Quote size is an estimate of the quantity of securities tradable at the bid and offer prices. It helps account for market depth and complements the bid-ask spread. Market makers, however, often do not reveal the full quantities they will transact at a given price, so the measured depth underestimates the true depth. An alternative gauge of depth is trade size, which measures the quantity of securities tradable at the bid and offer prices, reflecting any negotiation over quantity. However, trade size also underestimates market depth, because the quantity traded is often less than the quantity that could have been traded at a given price.

Another popular measure of liquidity—the price impact coefficient—considers the rise (fall) in price that typically occurs with a buyer-initiated (seller-initiated) trade. The measure is useful to those executing large trades or a series of trades, and together with the bid-ask spread and the aforementioned depth measures provides a fairly complete picture of liquidity. A drawback of the price impact coefficient, however, is the difficulty of obtaining the data required for estimation, particularly on a real-time basis.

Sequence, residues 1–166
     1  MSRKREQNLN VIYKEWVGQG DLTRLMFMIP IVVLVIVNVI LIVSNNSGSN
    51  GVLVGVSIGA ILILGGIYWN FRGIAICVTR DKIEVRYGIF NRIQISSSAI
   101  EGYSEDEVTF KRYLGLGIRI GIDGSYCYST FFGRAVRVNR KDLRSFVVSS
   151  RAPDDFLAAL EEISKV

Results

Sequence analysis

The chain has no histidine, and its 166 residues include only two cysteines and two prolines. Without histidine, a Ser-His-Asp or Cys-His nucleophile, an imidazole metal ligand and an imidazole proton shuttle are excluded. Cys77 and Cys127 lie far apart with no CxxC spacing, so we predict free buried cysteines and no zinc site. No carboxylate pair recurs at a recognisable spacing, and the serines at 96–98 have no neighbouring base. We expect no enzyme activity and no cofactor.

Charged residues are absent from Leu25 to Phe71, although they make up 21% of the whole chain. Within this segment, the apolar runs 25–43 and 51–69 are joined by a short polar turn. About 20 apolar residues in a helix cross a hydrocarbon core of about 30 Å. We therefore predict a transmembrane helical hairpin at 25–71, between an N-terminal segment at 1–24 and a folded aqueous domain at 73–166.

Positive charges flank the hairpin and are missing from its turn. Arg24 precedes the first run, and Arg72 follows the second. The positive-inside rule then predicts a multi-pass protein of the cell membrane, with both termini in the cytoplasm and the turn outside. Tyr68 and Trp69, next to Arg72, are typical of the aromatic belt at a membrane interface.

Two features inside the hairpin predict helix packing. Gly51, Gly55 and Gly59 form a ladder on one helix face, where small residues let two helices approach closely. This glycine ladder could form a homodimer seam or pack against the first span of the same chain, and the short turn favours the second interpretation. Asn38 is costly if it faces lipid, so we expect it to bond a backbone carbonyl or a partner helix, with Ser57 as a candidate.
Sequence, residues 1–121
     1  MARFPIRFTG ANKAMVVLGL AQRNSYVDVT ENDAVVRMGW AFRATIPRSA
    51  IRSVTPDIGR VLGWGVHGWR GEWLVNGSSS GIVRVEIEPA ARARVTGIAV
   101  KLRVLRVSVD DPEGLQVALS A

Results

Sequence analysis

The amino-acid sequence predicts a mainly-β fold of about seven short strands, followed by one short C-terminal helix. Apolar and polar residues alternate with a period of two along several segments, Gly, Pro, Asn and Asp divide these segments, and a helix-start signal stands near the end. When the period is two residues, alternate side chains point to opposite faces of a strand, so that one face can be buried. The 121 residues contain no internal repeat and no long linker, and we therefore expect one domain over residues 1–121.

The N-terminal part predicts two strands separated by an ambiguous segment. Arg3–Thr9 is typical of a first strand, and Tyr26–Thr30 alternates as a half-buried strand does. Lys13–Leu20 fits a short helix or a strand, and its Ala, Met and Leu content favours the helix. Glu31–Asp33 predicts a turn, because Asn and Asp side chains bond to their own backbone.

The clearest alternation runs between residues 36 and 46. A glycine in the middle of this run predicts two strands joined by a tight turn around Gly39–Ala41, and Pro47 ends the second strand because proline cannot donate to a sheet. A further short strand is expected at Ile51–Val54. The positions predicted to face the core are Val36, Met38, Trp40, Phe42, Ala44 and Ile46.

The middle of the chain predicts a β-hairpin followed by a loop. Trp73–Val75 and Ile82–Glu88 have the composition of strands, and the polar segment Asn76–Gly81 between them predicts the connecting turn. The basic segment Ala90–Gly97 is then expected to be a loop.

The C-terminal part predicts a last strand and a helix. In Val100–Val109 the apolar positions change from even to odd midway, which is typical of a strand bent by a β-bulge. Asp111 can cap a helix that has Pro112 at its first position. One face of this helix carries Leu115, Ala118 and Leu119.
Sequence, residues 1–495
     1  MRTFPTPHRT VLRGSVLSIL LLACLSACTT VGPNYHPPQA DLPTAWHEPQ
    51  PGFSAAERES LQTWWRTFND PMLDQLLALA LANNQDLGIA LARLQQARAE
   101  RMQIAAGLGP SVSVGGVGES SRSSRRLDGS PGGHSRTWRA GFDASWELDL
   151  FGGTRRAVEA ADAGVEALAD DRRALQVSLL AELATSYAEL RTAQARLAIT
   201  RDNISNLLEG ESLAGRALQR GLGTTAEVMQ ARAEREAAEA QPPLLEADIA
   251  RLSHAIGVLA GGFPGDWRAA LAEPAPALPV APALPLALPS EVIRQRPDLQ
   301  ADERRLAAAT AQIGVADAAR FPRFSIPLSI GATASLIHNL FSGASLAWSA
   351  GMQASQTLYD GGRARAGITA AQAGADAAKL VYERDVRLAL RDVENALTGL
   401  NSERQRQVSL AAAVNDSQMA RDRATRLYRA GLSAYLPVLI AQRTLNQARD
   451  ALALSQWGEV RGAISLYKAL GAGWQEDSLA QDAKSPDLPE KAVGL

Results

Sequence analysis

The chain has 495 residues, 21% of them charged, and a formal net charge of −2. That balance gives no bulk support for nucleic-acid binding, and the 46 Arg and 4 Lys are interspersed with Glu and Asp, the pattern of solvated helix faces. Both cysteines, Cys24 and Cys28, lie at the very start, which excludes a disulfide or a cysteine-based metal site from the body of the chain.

The final measure examined by the author is the spread between more and less liquid securities, often computed as the difference in yields of an on-the-run and an off-the-run security with similar cash flow characteristics. On the one hand, this on-the-run/off-the-run yield spread can be calculated without high-frequency data, and it provides insight into the value of liquidity not provided by the other measures. On the other hand, the spread can be difficult to interpret, and factors besides liquidity can cause on-the-run securities to trade at a premium, confounding interpretation of the spread.